“There are, monks, these five gifts of a superior person. What five? He gives a gift out of faith; he gives a gift respectfully; he gives a gift at the right time; he gives a gift with a generous heart; he gives a gift without denigration.” (from AN 5:148, translated by Bhikkhu Bodhi)
The sutta above goes on to list specific benefits of each type of giving. In the first case, where faith is the motive, giving to virtuous people (maybe especially monks and nuns or other renunciants) one’s faith becomes apparent as a radiant physical beauty. We might recognize this as the inner beauty we easily perceive in people who are generous by nature.
What does it mean to give with respect? We thoughtfully consider the needs or desires of the recipient and select the most appropriate gift or gifts. We can demonstrate our respect by showing that we know and understand the recipient, for example with tuition support, a bicycle for transportation, or regular flowers or cards for someone who is shut-in. When one gives respectfully, one result is that others listen to the giver, and try to understand and apply what they hear. We can observe that respect begets respect.
When one gives at the right time, one of the results the Buddha mentions is that the karmic benefits of the gift will arrive “at the right time”. One example here is the gift of space for someone who needs to be left alone for a while. Another might be reaching out to a bereaved or neglected person.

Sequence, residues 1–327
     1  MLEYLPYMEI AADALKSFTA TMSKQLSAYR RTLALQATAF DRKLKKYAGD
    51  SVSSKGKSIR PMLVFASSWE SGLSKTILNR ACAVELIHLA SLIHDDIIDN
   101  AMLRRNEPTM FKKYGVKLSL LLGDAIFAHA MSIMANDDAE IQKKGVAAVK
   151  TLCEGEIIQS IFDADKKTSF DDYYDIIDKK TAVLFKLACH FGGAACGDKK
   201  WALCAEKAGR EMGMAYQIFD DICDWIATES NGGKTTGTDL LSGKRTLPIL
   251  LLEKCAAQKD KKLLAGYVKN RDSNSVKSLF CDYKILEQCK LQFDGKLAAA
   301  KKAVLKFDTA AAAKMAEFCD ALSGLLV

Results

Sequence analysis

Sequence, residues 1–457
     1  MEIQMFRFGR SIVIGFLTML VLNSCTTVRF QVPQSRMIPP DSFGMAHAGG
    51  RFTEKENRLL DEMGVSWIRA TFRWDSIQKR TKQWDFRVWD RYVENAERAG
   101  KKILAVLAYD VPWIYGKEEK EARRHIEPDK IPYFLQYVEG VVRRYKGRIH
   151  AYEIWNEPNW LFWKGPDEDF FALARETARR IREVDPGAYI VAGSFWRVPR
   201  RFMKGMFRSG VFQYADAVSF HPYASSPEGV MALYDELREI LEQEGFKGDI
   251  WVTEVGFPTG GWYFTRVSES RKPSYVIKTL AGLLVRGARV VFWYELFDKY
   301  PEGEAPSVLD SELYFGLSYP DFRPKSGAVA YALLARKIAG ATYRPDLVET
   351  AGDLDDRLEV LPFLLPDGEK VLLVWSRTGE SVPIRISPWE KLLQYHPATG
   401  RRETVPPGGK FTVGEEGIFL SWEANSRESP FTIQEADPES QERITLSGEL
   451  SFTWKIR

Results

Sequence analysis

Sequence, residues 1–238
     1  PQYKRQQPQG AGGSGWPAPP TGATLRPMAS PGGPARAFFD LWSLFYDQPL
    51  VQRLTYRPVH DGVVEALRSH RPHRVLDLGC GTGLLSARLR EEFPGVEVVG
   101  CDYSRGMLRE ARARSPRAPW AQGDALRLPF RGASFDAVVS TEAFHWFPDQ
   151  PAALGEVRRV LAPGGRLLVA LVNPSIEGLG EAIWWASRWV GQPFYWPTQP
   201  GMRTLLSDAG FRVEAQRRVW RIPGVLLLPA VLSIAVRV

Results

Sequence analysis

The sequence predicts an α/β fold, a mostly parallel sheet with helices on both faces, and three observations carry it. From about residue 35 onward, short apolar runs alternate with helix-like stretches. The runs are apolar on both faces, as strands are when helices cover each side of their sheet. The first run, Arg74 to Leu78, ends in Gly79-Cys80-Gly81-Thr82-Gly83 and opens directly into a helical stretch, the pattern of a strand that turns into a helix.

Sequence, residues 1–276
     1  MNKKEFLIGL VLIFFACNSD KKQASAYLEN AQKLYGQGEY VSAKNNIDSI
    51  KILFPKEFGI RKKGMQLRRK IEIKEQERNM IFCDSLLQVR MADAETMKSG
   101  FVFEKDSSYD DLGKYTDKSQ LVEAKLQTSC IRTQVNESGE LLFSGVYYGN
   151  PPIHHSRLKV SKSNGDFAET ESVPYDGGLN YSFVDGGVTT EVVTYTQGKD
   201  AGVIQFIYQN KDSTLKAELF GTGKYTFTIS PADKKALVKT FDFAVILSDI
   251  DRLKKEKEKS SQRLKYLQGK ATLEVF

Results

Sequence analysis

“Because one gives with a generous heart…his mind inclines to the enjoyment of excellent things among the five cords of sensual pleasure.” This section is open to interpretation. It could mean that when a person has a generous heart, she is likely to enjoy the less crude and more refined of available pleasures, for example, inspiring entertainments vs. violent ones.
“Because he gives a gift without denigrating himself and others, wherever the result of that gift ripens he becomes rich, affluent, and wealthy, and no loss of his wealth takes place from any quarter, whether from fire, floods, the king, bandits, or unloved heirs.” The Buddha is referring here not to specific, instant causes and results, but to a larger karmic flow. If we understand that we cannot personally own anything in an absolute sense, then our attitude towards sharing will naturally be free, and we may not feel we have to struggle to hold on to what we have. We will give and receive happily as a normal part of living.
Giving in any of these ways will bring joy to the giver and the receiver.